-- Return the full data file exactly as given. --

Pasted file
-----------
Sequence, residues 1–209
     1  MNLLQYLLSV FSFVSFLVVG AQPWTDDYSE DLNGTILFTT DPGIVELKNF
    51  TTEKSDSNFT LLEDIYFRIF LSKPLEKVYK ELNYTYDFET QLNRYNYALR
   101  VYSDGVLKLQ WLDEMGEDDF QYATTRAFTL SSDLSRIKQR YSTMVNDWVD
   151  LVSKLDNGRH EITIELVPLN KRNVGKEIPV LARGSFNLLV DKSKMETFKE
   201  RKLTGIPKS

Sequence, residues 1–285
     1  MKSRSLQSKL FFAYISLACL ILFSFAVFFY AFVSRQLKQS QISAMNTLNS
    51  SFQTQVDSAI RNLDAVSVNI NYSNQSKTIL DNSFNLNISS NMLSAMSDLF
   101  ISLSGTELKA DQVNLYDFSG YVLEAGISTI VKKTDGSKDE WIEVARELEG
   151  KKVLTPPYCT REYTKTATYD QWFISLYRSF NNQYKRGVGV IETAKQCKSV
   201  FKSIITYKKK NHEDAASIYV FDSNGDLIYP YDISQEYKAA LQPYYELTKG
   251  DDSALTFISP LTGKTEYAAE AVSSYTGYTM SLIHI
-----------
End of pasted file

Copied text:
Sequence, residues 1–209
     1  MNLLQYLLSV FSFVSFLVVG AQPWTDDYSE DLNGTILFTT DPGIVELKNF
    51  TTEKSDSNFT LLEDIYFRIF LSKPLEKVYK ELNYTYDFET QLNRYNYALR
   101  VYSDGVLKLQ WLDEMGEDDF QYATTRAFTL SSDLSRIKQR YSTMVNDWVD
   151  LVSKLDNGRH EITIELVPLN KRNVGKEIPV LARGSFNLLV DKSKMETFKE
   201  RKLTGIPKS

Sequence, residues 1–285
     1  MKSRSLQSKL FFAYISLACL ILFSFAVFFY AFVSRQLKQS QISAMNTLNS
    51  SFQTQVDSAI RNLDAVSVNI NYSNQSKTIL DNSFNLNISS NMLSAMSDLF
   101  ISLSGTELKA DQVNLYDFSG YVLEAGISTI VKKTDGSKDE WIEVARELEG
   151  KKVLTPPYCT REYTKTATYD QWFISLYRSF NNQYKRGVGV IETAKQCKSV
   201  FKSIITYKKK NHEDAASIYV FDSNGDLIYP YDISQEYKAA LQPYYELTKG
   251  DDSALTFISP LTGKTEYAAE AVSSYTGYTM SLIHI